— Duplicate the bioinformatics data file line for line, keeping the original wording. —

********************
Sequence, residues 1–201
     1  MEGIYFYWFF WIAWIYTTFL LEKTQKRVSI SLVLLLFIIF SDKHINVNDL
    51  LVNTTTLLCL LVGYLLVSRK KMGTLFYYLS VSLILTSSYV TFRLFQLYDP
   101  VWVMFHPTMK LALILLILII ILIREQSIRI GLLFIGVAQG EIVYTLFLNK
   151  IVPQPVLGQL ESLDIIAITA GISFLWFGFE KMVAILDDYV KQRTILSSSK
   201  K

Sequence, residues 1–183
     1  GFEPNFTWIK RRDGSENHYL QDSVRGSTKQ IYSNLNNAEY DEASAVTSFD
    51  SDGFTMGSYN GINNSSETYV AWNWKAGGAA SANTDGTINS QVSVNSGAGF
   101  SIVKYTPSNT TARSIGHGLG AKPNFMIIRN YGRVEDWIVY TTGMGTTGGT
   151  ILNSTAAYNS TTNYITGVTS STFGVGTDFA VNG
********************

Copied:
Sequence, residues 1–201
     1  MEGIYFYWFF WIAWIYTTFL LEKTQKRVSI SLVLLLFIIF SDKHINVNDL
    51  LVNTTTLLCL LVGYLLVSRK KMGTLFYYLS VSLILTSSYV TFRLFQLYDP
   101  VWVMFHPTMK LALILLILII ILIREQSIRI GLLFIGVAQG EIVYTLFLNK
   151  IVPQPVLGQL ESLDIIAITA GISFLWFGFE KMVAILDDYV KQRTILSSSK
   201  K

Sequence, residues 1–183
     1  GFEPNFTWIK RRDGSENHYL QDSVRGSTKQ IYSNLNNAEY DEASAVTSFD
    51  SDGFTMGSYN GINNSSETYV AWNWKAGGAA SANTDGTINS QVSVNSGAGF
   101  SIVKYTPSNT TARSIGHGLG AKPNFMIIRN YGRVEDWIVY TTGMGTTGGT
   151  ILNSTAAYNS TTNYITGVTS STFGVGTDFA VNG